Web Resources – PASA’s web page concerning the Coronavirus and Pandemic Preparation includes links to information about issues such as school athletics and return-to-school, along with updated guidance from the PDE, CDC and USDE, and other important updates from the state and federal levels.
Suspending Immunizations – Last month the Department of Health announced that, in response to the impact of the COVID-19 disaster emergency on the availability of immunizations before the start of the school year, it was temporarily suspending immunization requirements for school entry with Governor Wolf's authorization as conferred in the March 6, 2020 Proclamation of Disaster Emergency.
Specifically, the Department is temporarily suspending the regulations at 28 Pa. Code § 23.83, which provides the list of immunizations a child must have and the grades for which the child must have them; 28 Pa. Code § 23.85, which states that children who do not meet the requirements should be excluded and places certain duties on schools to verify that children with medical exceptions who are on a plan to get their immunizations actually obtain the vaccinations; and 28 Pa. Code § 23.86, which requires schools to report to the Department the numbers of vaccinations and children taking exceptions; and 28 Pa. Code § 27.77(b), which requires that a child currently enrolled in a child care program maintain updated immunizations in accordance with federal guidelines.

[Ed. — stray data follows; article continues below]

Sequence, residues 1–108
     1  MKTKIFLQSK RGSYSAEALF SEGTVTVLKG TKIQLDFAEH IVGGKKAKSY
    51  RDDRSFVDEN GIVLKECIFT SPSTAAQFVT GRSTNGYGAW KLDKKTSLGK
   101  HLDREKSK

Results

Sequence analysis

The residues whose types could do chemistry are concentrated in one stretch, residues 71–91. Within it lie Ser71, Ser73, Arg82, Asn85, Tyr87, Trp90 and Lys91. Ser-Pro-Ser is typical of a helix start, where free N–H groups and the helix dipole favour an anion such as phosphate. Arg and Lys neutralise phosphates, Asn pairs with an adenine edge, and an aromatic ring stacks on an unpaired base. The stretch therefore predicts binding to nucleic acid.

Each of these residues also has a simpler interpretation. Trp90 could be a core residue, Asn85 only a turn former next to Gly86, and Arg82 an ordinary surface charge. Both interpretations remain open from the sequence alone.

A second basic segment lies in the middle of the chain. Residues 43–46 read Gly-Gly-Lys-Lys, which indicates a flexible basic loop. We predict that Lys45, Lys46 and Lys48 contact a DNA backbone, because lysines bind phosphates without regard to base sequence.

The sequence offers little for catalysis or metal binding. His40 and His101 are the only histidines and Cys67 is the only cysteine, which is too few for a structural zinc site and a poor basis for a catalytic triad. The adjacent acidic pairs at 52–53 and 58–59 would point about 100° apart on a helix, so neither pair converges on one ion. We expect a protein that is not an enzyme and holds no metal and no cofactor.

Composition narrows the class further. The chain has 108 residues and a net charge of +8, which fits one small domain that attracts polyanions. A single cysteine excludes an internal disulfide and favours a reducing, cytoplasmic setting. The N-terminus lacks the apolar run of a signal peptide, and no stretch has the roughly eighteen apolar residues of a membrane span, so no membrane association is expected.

The regulations are suspended for a two-month period after the beginning of the school year or the beginning of enrollment in an early childhood education program.
Racial Injustice & Inequality…
Resources: Conversations about Racial Inequality – In light of recent events in Pennsylvania and across the country, PASA has compiled and posted a list of resources to assist school leaders and educators to facilitate conversations and initiatives addressing racial inequality in schools and communities. Click here for the list.
In the PA Legislature…
Session Schedule – Both the House and Senate remain in recess.